|Henrik Saugmandsgaard Øe|
This is yet another reference for a preliminary ruling regarding interpretation of the private copying exception within Article 5(2)(b) of the InfoSoc Directive, but with yet another interesting twist.
The referring court (the Austrian Supreme Court) is in fact asking the Court of Justice of the European Union (CJEU) to say whether a claim for missed payment of ‘fair compensation’ under this provision can be considered akin to 'tort, delict or quasi-delict' within what is currently Article 7(2) of Brussels I Recast [formerly Article 5(3) of Brussels I] for the sake of determining the court(s) competent to hear such action.
Besides the general rule (Article 4) that allows one to sue in the Member State where the defendant is domiciled/established, as a special rule Article 7(2) of Brussels I Recast also allows actions relating to tort, delict or quasi-delict, to be brought in the courts "for the place where the harmful event occurred or may occur".
IPKat readers will promptly recall that the CJEU has indicated how this provision should be interpreted on a number of occasions, including copyright [here, in which the CJEU indicated that accessibility suffices], and national trade marks [here].
This reference has arisen in the context of litigation between Austrian collective management organisation Austro-Mechana and Amazon concerning the international jurisdiction of the Austrian courts to entertain legal proceedings by which the former seeks to obtain payment from the latter of the remuneration due by reason of the first placing of recording media on the domestic market, in accordance with Austrian legislation.
|Is failure to pay compensation |
for private copying ...
Both the Vienna Commercial Court and the Vienna Higher Regional Court sided with Amazon and dismissed Austro-Mechana's action.
The Austrian Supreme Court was not so sure that the correct interpretation of Article 7(2) of Brussels I is that obvious, so it decided to stay the proceedings and seek guidance from the CJEU.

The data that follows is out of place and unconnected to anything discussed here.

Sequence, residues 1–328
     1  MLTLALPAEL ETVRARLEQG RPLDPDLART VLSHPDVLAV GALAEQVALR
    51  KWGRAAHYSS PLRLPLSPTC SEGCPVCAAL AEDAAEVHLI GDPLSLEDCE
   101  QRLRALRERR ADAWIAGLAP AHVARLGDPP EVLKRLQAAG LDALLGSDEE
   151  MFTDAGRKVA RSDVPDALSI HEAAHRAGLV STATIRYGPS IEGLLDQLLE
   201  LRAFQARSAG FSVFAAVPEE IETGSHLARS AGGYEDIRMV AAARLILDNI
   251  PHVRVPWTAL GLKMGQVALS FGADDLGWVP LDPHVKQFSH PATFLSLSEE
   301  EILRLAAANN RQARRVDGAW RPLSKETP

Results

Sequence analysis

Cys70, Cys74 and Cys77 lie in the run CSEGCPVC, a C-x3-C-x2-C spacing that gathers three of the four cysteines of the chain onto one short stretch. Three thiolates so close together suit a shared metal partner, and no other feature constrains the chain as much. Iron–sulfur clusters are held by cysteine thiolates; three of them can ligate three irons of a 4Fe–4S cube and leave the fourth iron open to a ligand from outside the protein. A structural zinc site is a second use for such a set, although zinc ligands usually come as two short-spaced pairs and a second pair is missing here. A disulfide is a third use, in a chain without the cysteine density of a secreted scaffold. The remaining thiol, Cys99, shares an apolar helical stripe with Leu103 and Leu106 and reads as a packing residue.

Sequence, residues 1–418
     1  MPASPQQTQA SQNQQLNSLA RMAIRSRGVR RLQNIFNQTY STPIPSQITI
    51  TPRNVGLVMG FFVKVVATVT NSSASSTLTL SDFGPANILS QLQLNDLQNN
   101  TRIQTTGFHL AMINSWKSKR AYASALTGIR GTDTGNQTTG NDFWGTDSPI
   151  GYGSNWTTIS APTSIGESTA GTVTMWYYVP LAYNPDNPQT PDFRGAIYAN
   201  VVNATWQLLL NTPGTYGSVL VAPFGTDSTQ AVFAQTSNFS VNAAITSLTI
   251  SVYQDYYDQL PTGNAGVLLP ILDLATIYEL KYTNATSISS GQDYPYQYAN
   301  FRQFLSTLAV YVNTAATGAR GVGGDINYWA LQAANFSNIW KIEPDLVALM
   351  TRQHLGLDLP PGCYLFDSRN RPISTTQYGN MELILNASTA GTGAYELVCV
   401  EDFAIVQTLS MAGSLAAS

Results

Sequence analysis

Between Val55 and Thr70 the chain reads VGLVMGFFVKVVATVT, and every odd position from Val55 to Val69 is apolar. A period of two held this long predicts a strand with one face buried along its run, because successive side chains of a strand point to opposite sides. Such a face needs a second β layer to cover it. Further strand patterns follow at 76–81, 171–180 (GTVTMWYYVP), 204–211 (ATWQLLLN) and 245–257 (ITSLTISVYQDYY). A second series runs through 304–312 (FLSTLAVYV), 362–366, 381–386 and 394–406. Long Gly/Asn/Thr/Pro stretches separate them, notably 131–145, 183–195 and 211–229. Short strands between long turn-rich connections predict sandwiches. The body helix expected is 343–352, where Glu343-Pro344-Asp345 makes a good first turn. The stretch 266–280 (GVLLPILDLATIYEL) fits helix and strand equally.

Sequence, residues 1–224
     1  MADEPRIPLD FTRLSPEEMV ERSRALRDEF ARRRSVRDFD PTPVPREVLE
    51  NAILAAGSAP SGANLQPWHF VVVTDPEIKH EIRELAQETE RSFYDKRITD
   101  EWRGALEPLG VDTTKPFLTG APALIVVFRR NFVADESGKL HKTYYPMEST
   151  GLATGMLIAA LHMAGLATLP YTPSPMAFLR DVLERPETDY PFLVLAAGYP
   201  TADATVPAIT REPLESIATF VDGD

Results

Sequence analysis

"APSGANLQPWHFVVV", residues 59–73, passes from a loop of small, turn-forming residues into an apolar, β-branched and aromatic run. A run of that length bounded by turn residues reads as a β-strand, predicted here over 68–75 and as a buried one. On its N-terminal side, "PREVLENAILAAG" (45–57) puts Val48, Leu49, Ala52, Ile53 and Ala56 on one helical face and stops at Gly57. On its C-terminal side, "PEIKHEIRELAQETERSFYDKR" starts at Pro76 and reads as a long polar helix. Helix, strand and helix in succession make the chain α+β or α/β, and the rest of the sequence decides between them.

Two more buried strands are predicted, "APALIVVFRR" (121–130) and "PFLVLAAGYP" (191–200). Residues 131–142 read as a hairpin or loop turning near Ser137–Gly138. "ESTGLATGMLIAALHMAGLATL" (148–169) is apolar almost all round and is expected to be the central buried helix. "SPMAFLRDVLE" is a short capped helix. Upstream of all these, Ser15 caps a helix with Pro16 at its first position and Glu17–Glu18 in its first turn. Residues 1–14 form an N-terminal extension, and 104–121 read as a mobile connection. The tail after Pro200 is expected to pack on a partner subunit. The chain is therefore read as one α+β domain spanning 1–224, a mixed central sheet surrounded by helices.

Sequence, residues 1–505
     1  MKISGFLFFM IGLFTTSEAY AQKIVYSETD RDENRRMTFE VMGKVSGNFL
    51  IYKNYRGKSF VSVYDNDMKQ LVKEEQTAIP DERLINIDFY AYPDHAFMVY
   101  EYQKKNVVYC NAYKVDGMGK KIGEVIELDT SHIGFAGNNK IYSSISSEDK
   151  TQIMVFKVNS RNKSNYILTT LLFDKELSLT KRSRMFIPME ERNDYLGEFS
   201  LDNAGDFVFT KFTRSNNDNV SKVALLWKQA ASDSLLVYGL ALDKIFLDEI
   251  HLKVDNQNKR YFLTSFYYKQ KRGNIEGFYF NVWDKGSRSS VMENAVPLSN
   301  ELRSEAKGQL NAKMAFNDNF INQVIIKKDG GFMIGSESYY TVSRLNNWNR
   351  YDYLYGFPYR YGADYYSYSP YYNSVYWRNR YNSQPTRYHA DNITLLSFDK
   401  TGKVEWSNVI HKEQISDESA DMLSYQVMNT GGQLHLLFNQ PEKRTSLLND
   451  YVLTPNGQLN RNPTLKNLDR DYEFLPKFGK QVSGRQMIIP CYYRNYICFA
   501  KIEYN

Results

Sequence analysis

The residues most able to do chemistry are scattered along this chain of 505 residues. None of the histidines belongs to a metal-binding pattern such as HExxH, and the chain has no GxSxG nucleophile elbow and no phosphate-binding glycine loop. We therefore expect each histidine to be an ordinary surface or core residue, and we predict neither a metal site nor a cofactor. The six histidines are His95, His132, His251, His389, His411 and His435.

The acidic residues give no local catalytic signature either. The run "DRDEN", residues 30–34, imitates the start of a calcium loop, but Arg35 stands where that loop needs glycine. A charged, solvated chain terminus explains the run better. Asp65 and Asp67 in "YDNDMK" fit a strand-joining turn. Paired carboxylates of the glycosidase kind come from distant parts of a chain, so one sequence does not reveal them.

The AG Opinion
AG Saugmandsgaard Øe summarised the content of the question referred to the CJEU as asking whether the action brought by Austro-Mechana against Amazon constitutes a matter ‘relating to tort, delict or quasi-delict’ within the meaning of that provision in Brussels I Recast.
The AG noted at the outset that the jurisdiction criterion in Article 7(2) is a special one and, as such, should be interpreted narrowly. The AG also recalled that this provision is not applicable to actions that relate to a contract.
As such, the AG considered whether legal proceedings seeking payment of the fair compensation within Article 5(2)(b) of the InfoSoc Directive concern ‘matters relating to a contract’ within the meaning of Article 7(1)(a) of Brussels I Recast. The AG concluded in the negative on this point because a contract presupposes the establishment of a legal obligation freely consented to by one person towards another. This would not be the case of the fair compensation requirement in Article 5(2)(b) of the InfoSoc Directive.
This would be the case of compensation for private copying: failure to pay the compensation due to rightholders would cause a damage to the relevant rightholder and be "an absolutely quintessential instance of a matter relating to tort or delict" (para 75).
The AG noted that, while it is true that the marketing of mobile telephones and the private copying to which Austrian law relates are lawful acts in Austria, it does not follow from the fact that those acts are lawful that a breach by Amazon of the obligation to pay the levy provided for in the law is also lawful.
As such, Austrian courts - being the courts of the place of the harmful event - would have international jurisdiction to the hear the action brought by Austro-Mechana.
All in all